First full genome sequencing for autism: Promise for future diagnosis, prevention and treatment

First full genome sequencing for autism: Promise for future diagnosis, prevention and treatment

New research has found that full genome sequencing provides the definitive look at wide ranging genetic variations associated with ASD. Inherited, de novo and X-linked genetic alterations found in one half of the affected families sequenced included four newly identified risk genes, nine known and eight candidate ASD risk genes, and in genes associated with fragile X, epilepsy or related syndromes. Some families had a combination of genes involved.

via ScienceDaily: Top Health News:

July 11, 2013 — A collaborative formed by Autism Speaks, the world’s leading autism science and advocacy organization, has found full genome sequencing examining the entire DNA code of individuals with autism spectrum disorder (ASD) and their family members to provide the definitive look at the wide ranging genetic variations associated with ASD. The study published online today in American Journal of Human Genetics, reports on full genome sequencing on 32 unrelated Canadian individuals with autism and their families, participants in the Autism Speaks Autism Genetic Resource Exchange (AGRE). The results include both inherited as well as spontaneous or de novo, genetic alterations found in one half of the affected families sequenced.This dramatic finding of genetic risk variants associated with clinical manifestation of ASD or accompanying symptoms in 50 percent of the participants tested is promising, as current diagnostic technology has only been able to determine a genetic basis in about 20 percent of individuals with ASD tested. The large proportion of families identified with genetic alterations of concern is in part due to the comprehensive and uniform ability to examine regions of the genome possible with whole genome sequencing missed in other lower resolution genome scanning approaches.”From diagnosis to treatment to prevention, whole genome sequencing efforts like these hold the potential to fundamentally transform the future of medical care for people with autism,” stated Autism Speaks Chief Science Officer and study co-author Robert Ring, Ph.D.The study identified genetic variations associated with risk for ASD including de novo, X-linked and other inherited DNA lesions in four genes not previously recognized for ASD; nine genes previously determined to be associated with ASD risk; and eight candidate ASD risk genes. Some families had a combination of genes involved. In addition, risk alterations were found in genes associated with fragile X or related syndromes (CAPRIN1 and AFF2), social-cognitive deficits (VIP), epilepsy (SCN2A and KCNQ2) as well as NRXN1 and CHD7, which causes ASD-associated CHARGE syndrome.”Whole genome sequencing offers the ultimate tool to advance the understanding of the genetic architecture of autism,” added lead author Dr. Stephen Scherer, senior scientist and director of the Centre for Applied Genomics at The Hospital for Sick Children (SickKids) and director of the McLaughlin Centre at the University of Toronto. “In the future, results from whole genome sequencing could highlight potential molecular targets for pharmacological intervention, and pave the way for individualized therapy in autism. It will also allow for earlier diagnosis of some forms of autism, particularly among siblings of children with autism where recurrence is approximately 18 per cent.”This $1 million collaboration of Autism Speaks, SickKids, BGI and Duke University piloted Autism Speaks’ initiative to generate the world’s largest library of sequenced genomes of individuals with ASD announced in late 2011. “As we continue to test more individuals and their family members from the AGRE cohort, we expect to discover and study additional genetic variants associated with autism. …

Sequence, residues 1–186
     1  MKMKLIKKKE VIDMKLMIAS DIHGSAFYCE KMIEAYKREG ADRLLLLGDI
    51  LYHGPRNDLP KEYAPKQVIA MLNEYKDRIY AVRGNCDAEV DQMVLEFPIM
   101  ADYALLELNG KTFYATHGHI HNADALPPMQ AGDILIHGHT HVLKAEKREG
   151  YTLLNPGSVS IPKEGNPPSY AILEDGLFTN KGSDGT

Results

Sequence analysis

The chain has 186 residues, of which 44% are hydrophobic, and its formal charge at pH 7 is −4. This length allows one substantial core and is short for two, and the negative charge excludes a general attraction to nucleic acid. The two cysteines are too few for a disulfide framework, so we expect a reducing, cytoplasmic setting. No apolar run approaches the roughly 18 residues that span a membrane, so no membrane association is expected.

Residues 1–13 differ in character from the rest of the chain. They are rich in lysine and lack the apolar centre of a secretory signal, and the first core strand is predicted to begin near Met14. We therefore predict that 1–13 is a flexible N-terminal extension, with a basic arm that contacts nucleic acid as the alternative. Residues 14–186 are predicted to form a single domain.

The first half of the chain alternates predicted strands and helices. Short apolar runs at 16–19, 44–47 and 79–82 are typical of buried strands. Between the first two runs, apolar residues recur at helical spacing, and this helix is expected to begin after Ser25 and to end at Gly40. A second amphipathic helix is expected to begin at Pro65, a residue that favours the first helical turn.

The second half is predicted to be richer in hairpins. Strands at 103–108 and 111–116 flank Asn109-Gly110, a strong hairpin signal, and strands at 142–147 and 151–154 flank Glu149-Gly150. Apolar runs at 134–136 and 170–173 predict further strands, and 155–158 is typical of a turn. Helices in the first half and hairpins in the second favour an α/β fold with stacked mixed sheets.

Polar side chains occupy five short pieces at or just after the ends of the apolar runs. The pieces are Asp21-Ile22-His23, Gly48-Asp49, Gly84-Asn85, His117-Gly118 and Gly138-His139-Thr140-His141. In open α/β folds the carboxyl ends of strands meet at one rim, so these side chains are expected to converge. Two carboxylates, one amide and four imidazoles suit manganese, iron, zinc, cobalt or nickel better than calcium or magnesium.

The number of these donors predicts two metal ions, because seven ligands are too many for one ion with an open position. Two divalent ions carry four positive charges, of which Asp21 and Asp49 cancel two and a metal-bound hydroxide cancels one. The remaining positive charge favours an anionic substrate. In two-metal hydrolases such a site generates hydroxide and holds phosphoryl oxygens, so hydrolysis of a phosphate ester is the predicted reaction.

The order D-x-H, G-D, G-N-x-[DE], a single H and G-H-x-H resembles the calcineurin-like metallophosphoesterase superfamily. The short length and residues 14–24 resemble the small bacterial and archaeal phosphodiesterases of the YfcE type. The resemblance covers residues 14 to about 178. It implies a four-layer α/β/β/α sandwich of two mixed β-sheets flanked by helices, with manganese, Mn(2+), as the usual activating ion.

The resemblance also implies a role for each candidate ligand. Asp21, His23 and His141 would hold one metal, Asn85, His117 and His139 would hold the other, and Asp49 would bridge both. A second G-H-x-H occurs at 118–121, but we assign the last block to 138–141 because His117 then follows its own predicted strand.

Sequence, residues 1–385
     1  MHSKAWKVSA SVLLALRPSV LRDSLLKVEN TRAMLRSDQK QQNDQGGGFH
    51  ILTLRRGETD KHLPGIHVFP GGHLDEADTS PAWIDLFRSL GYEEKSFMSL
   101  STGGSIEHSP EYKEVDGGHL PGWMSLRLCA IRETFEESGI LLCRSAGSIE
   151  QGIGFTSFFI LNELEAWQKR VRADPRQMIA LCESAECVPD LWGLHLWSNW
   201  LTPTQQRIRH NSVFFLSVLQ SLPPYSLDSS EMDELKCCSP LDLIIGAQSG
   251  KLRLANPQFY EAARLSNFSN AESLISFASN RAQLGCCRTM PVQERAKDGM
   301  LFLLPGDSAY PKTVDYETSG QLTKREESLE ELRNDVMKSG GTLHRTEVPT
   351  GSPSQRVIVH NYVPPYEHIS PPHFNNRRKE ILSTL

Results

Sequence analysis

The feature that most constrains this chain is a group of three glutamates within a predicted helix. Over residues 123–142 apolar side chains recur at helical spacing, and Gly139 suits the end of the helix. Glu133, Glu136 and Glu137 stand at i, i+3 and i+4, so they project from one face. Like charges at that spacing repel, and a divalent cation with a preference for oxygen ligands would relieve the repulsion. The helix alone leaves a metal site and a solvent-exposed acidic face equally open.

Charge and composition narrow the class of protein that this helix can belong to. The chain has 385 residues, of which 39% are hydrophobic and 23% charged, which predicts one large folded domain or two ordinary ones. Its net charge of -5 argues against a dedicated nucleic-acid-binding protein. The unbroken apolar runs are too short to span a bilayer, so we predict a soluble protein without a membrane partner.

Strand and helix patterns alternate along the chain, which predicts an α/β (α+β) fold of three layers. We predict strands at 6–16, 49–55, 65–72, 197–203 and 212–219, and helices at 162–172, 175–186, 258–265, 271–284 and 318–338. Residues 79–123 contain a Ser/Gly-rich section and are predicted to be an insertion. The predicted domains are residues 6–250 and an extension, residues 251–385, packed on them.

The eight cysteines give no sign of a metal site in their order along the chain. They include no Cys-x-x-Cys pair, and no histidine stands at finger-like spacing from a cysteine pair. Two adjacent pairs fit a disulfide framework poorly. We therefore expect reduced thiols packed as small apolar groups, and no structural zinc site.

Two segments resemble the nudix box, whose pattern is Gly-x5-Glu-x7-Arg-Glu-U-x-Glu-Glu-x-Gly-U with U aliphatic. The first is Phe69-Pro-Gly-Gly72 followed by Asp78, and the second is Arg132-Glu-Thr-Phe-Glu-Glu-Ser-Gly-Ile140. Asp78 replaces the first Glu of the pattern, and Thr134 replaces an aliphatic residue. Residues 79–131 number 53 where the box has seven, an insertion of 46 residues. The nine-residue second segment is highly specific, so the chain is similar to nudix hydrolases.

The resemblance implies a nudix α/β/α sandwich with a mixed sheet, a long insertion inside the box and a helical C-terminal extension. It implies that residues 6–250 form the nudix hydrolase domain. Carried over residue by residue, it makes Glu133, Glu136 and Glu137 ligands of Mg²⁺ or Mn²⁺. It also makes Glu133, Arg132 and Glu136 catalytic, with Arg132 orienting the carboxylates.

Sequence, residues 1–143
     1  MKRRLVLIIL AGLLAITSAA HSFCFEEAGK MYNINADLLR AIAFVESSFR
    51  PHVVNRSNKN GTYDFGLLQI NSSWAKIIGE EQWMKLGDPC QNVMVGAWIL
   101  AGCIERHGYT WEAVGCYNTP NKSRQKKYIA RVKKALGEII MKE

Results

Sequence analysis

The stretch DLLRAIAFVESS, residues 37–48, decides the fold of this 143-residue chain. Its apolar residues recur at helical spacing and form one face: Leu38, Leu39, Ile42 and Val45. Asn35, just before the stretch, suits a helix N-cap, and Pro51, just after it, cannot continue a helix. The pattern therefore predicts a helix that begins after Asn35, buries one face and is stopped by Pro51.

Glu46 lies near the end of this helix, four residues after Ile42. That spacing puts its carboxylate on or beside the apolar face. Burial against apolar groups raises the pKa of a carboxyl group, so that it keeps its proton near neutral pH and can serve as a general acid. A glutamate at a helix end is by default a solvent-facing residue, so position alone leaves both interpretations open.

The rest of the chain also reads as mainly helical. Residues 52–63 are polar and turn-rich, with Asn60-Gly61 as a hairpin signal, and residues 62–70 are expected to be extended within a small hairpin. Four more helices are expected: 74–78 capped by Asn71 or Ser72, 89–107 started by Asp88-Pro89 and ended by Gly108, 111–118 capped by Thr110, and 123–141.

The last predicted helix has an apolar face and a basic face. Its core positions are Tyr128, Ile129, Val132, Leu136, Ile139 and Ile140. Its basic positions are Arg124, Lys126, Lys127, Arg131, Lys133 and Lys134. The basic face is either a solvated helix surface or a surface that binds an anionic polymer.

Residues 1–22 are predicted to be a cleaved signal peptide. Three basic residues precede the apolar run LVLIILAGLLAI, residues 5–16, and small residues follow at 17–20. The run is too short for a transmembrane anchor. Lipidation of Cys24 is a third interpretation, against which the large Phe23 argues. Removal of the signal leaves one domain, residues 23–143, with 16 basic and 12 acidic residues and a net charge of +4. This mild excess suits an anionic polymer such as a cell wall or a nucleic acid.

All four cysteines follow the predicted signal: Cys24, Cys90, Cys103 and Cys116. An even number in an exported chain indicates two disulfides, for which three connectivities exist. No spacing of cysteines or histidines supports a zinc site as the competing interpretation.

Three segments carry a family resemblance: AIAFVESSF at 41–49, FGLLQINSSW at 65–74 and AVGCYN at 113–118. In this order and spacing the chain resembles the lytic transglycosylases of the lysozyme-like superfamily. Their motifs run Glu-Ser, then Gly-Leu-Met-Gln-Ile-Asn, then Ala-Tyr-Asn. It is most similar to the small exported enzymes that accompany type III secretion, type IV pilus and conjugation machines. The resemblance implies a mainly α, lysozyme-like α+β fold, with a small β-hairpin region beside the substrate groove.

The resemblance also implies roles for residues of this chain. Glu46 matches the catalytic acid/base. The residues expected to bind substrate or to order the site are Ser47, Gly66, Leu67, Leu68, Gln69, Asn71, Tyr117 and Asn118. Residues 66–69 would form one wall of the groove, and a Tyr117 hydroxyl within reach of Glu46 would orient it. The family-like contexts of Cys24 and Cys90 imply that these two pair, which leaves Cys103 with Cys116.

For more info: First full genome sequencing for autism: Promise for future diagnosis, prevention and treatment

ScienceDaily: Top Health News

First full genome sequencing for autism: Promise for future diagnosis, prevention and treatment

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